Leading the parade, ironically, is Enron, an old energy behemoth that has reinvented itself as a high-tech trading firm dealing in everything from natural gas to Internet bandwidth. In fact, its new 40-story headquarters, designed by Cesar Pelli, will be fronted by a seven-story "podium"--or shorter building--to house what Enron is calling the largest commodities-trading environment in the world.
This environment, spread over four floors, each the size of a city block, will become home this August to 2,000 employees trading commodities that range from Old World (crude oil, petrochemicals, steel and lumber) to New World (emission credits and derivatives). Chairman Kenneth Lay and CEO Jeff Skilling are even moving from their skyboxes to work in seventh-floor offices so they can peer down into the pit.
When the bigger 40-story structure is finished in December, Enron's will be the first new skyscraper in downtown Houston since 1987--to be followed by three more by 2003. Besides Enron, Calpine Corp., the nation's leading independent-power company, based in California, will move into a new 32-story high-rise. And Reliant Resources, the IPO spun off this month from its Houston parent to deal with Texas' new deregulated electricity market, has signed on for offices in a 36-story skyscraper.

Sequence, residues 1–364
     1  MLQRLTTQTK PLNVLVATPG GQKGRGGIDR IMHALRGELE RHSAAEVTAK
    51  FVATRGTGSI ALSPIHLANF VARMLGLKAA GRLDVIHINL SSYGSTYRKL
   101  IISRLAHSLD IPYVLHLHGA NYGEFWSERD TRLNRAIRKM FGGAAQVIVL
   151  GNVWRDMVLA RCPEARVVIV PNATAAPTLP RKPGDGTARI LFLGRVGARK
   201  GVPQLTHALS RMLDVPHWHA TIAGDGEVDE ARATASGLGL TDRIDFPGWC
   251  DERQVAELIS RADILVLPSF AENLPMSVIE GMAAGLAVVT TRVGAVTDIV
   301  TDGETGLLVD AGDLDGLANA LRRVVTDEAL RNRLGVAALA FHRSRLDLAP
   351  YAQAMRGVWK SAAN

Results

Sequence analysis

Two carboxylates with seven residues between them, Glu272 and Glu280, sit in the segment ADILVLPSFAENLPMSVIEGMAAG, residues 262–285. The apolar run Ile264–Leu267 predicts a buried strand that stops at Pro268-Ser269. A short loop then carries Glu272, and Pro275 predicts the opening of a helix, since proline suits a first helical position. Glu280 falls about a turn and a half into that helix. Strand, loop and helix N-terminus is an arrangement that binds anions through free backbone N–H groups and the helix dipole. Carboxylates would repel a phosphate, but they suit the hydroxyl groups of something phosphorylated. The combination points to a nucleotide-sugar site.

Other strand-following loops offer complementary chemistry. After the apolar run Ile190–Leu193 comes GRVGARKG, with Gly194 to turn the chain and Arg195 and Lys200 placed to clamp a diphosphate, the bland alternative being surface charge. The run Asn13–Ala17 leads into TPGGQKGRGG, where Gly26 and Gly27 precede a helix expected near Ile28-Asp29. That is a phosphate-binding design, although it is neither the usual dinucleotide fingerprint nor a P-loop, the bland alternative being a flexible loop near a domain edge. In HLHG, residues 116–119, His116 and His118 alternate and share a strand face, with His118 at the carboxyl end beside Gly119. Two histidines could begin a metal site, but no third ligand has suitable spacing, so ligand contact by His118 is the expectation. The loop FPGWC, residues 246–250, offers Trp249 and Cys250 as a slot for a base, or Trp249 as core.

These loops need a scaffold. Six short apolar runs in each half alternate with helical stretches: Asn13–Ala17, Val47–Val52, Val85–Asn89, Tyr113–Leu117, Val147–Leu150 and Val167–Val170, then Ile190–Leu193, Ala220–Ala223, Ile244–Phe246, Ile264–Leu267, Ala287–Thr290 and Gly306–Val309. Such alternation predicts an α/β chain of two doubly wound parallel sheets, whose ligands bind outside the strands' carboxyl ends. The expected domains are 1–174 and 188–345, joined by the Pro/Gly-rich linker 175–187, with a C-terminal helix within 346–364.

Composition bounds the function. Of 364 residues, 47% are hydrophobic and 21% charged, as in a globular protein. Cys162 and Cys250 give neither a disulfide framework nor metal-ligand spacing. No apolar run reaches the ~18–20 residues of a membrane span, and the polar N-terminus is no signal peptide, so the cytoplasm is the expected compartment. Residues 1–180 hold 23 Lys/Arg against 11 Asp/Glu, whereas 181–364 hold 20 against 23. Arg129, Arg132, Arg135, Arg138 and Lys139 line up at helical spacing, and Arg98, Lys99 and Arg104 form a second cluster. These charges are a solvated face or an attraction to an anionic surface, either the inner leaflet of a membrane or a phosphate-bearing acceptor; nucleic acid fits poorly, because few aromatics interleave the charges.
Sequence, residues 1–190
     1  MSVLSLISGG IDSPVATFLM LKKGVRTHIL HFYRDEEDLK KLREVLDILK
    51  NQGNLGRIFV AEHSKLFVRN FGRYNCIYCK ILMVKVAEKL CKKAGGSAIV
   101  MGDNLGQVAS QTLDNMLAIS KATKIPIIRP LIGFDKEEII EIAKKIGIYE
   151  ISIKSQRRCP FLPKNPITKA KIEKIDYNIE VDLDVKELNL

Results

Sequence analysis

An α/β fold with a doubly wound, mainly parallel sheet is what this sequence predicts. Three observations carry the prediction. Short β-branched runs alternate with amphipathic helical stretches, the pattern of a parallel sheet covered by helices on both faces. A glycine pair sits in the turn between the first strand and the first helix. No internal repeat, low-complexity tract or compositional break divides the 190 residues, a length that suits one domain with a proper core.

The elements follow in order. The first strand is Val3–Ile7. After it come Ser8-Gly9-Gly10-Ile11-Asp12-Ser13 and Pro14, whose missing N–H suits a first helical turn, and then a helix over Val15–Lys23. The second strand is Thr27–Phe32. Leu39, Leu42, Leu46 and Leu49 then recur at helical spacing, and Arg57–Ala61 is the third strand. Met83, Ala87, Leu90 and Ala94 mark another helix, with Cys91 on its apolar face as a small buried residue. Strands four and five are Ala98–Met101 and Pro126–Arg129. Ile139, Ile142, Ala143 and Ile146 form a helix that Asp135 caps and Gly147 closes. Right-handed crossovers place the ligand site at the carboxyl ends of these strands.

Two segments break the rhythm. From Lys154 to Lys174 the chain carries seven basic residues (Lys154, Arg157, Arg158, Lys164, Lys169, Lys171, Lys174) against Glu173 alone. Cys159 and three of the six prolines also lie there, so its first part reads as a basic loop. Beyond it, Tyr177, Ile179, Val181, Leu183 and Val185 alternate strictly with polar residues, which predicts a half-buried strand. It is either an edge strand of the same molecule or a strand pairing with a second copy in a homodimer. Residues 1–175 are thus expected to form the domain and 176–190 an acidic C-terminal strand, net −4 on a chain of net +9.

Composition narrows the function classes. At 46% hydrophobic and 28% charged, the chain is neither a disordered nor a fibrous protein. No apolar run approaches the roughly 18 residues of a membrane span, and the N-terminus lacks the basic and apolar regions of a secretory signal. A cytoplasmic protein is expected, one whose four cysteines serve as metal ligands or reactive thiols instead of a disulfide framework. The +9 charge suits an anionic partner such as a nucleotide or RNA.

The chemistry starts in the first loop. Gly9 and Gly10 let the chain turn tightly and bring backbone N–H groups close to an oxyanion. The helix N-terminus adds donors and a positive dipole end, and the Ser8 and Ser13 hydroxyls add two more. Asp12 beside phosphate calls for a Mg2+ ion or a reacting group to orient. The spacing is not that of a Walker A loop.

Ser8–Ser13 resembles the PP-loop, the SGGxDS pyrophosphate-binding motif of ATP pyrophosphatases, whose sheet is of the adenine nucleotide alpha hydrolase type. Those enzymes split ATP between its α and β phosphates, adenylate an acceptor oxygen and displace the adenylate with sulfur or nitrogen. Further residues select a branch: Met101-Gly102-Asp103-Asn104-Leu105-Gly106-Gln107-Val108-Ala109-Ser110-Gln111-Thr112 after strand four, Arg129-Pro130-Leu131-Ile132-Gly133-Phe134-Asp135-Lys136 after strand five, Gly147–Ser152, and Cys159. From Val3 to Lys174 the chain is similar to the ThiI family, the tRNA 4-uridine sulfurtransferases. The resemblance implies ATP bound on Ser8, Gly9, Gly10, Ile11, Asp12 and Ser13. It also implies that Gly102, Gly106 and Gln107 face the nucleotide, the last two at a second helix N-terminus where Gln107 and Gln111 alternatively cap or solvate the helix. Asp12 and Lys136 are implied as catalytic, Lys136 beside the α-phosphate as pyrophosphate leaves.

What's fueling the high-rise fever is simple: excess cash. Enron's first-quarter revenues were up 281%, while Calpine's revenues and net income were each up more than 400%--even with California's deadbeat utility PG&E owing the company more than $300 million.
After a decade of contraction in the business, with companies having shut offices from New Orleans to Oklahoma, deregulation and new marketing strategies are sparking Houston's renaissance. "Enron is a leading example of the new energy industry. Ten years ago, there were no trading floors," points out Stephen Brown, senior economist with the Federal Reserve Bank in Dallas. Both Calpine and Reliant will also have trading operations in their new offices.
Though Houston no longer relies so heavily on the energy business (down to 48% of the local economy from 82% in 1982) the turnaround sure feels good after the city lost more than 15,000 energy-sector jobs two years ago, says Barton Smith, director of the Institute for Regional Forecasting at the University of Houston. It has gained those jobs back, plus some. Says Smith: "The current boom is what's keeping Houston afloat while the rest of the country is suffering."
None of this matters to real Houston lovers, of course. They're just interested in bragging rights. After a bad decade, they're beginning to sound like the biggest and the best in Texas again. "Boomlet?" says Laura Schwartz, spokeswoman at Enron. "It's more than a mini-boom. It's a boom."